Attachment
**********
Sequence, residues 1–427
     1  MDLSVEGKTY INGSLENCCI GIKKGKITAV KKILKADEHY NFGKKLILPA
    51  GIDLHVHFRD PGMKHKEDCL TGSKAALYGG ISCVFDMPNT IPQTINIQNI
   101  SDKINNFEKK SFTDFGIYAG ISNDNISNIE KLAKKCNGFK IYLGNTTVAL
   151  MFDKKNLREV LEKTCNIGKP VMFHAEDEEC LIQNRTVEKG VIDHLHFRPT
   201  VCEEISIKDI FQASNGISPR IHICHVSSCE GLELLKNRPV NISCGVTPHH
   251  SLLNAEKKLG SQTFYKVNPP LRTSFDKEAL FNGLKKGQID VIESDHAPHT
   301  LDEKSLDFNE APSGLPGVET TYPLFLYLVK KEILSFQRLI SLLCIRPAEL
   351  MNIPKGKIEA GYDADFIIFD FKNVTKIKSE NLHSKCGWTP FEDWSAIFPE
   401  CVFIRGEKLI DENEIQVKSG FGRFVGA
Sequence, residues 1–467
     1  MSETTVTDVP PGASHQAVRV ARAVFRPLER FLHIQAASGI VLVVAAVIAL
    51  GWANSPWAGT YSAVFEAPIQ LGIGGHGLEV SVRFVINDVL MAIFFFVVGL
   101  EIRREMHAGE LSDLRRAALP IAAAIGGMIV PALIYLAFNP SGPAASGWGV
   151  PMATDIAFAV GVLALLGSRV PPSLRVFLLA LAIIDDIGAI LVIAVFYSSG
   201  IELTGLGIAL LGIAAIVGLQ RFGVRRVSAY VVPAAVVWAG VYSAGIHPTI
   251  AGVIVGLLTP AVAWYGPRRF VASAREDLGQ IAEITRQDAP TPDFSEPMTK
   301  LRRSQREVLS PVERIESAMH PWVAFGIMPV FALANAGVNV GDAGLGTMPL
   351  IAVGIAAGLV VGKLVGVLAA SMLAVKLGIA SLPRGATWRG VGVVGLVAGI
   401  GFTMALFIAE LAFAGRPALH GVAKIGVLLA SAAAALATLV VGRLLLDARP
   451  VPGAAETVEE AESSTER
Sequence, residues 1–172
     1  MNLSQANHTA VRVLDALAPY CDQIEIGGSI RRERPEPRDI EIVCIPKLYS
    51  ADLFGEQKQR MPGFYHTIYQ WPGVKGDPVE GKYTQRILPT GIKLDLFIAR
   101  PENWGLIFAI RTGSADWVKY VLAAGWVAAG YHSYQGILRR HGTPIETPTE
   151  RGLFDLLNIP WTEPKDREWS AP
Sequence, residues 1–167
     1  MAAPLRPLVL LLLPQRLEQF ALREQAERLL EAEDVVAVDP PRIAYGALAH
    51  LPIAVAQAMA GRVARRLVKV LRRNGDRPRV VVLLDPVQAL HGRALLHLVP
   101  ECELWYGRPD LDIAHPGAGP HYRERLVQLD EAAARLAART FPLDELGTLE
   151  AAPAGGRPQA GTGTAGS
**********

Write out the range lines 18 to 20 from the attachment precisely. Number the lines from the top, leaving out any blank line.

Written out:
   301  LRRSQREVLS PVERIESAMH PWVAFGIMPV FALANAGVNV GDAGLGTMPL
   351  IAVGIAAGLV VGKLVGVLAA SMLAVKLGIA SLPRGATWRG VGVVGLVAGI
   401  GFTMALFIAE LAFAGRPALH GVAKIGVLLA SAAAALATLV VGRLLLDARP